Thursday, July 12, 2018


Learning from my experiences with the other two steel trestles, I took the time to build the terrain around Shady Creek Trestle immediately after completing the trestle components.  
(  I deliberately left the trestle components loose so I could remove them for the rough work of terrain forming.  Previously, though I had removed the steel towers under the other trestles, I still had to work very carefully around and under the girders and track decks.  

Terrain construction proceeded along the path established with Noisy Creek, as both Shady Creek and Noisy Creek occupy room corners.  Profile stryofoam planks established the "ridgelines." I then carefully built up the surrounding styrofoam base around the trestle tower bases, concrete piers and abutments.  Then I began placing styrofoam planks to span between the ridges and the immediate trestle base area.

Terrain base construction around Shady Creek Trestle.

Filling in the terrain below the trestle base was a little more complicated as I needed to prepare two foot pads with removable scenery sections.  I also needed to terminate the area "drainage" into a creek that flows under the lower level track.  That project will be described in a later blog post, but for now, I simply needed to direct a gully toward the eventual creek location.  Note that Shady Creek Trestle supports the upper line in this area.  The lower line, almost two feet below, is the line climbing up out of McCredie Springs toward Wicopee.

Completed Styrofoam base for Shady Creek Trestle.  Spray Foam has been applied to cracks and holes.

With the Styrofoam planks in place, spray foam was applied to the cracks and holes that developed during the rough construction.  The completed foam shell was carved with knives and shaped with a Surform scraper.  Following clean-up with a broom and then the shop vacuum, Sculptamold was applied to the foam shell.  I held out the terrain cover for the footpad and applied Sculptamold to it the next day after the "fixed" terrain had a chance to begin setting.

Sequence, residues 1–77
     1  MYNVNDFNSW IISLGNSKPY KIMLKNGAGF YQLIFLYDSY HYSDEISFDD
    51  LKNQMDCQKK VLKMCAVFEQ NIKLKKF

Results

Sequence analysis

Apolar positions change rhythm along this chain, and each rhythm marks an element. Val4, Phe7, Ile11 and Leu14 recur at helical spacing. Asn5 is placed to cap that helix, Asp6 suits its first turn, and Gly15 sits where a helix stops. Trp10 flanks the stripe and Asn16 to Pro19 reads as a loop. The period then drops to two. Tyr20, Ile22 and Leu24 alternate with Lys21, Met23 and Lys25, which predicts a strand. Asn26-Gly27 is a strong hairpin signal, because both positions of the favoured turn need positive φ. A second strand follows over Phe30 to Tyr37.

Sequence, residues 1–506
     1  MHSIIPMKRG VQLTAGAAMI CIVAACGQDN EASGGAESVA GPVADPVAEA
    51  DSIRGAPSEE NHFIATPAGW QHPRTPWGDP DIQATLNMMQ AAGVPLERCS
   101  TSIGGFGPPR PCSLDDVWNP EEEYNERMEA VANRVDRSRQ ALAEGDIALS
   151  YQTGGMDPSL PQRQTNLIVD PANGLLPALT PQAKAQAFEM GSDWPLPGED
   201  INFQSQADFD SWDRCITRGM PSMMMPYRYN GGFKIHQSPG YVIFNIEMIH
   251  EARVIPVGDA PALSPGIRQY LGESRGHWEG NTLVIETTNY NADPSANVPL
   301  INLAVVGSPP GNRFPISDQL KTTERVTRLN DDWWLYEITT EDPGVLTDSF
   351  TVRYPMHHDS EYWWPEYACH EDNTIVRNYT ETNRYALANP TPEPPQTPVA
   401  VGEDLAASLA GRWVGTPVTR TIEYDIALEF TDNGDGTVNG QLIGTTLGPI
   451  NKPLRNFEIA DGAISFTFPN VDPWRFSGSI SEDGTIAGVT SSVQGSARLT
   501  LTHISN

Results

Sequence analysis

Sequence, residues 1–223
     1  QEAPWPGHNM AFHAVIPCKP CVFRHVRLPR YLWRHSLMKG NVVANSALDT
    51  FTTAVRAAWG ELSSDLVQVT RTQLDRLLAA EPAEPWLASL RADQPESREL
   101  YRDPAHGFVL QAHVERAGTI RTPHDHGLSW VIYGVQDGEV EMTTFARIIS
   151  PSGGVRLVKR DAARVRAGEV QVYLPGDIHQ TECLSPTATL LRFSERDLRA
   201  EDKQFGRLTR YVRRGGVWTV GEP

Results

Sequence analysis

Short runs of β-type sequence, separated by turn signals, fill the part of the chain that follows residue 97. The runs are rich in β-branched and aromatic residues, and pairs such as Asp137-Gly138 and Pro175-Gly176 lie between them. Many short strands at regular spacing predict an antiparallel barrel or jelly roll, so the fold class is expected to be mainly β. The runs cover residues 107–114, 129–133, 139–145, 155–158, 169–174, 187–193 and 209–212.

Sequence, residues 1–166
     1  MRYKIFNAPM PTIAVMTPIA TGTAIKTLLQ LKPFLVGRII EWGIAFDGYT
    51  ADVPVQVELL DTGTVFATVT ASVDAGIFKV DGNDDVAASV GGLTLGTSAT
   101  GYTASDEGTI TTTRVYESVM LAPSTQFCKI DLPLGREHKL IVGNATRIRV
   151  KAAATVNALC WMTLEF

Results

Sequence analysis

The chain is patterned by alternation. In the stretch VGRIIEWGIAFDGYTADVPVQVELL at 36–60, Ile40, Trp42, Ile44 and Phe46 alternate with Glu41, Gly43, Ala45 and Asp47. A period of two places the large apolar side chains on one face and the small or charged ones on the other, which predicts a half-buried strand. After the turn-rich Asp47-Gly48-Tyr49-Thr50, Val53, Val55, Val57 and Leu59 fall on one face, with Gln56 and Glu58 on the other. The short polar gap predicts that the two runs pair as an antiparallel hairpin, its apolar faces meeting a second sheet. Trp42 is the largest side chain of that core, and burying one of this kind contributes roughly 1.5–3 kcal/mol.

Terrain cover for one of the footpads in the Shady Creek area.  The edges are separated from the fixed terrain with waxed paper.

Finally, it was time to reinstall the trestle components and run a train over it!  I will do a bit more height adjustment with shims on the trestle, as my match of the new trestle spine to the existing roadbed was not perfect.  That was a consequence of my installation of the spine well after initial roadbed construction.  I planned for this with my trestle construction--another reason to leave the components loose until I completed the rough work in the area.   The need for adjustments to the track and roadbed were the reason I left the tunnel portals on both sides of the trestle loose. I need to get at least one operating session completed with train crews other than myself over this section before I close in those tunnels.

Step by step, my railroad is emerging from its "Plywood Pacific" appearance to one that clearly climbs through the mountains.

A WCEUY (West Colton to Eugene manifest) drifts down-grade over Shady Creek Trestle.

Saturday, June 30, 2018


Construction along my mountain climb has arrived at Shady Creek Trestle (viaduct for the civil engineers).  This is the third and final steel trestle on the line--both prototype and my model.  Prototype photos and information can be found at:
Shady Creek Trestle has both steel towers and concrete piers in contrast to the all steel tower supports of the other trestles on the line.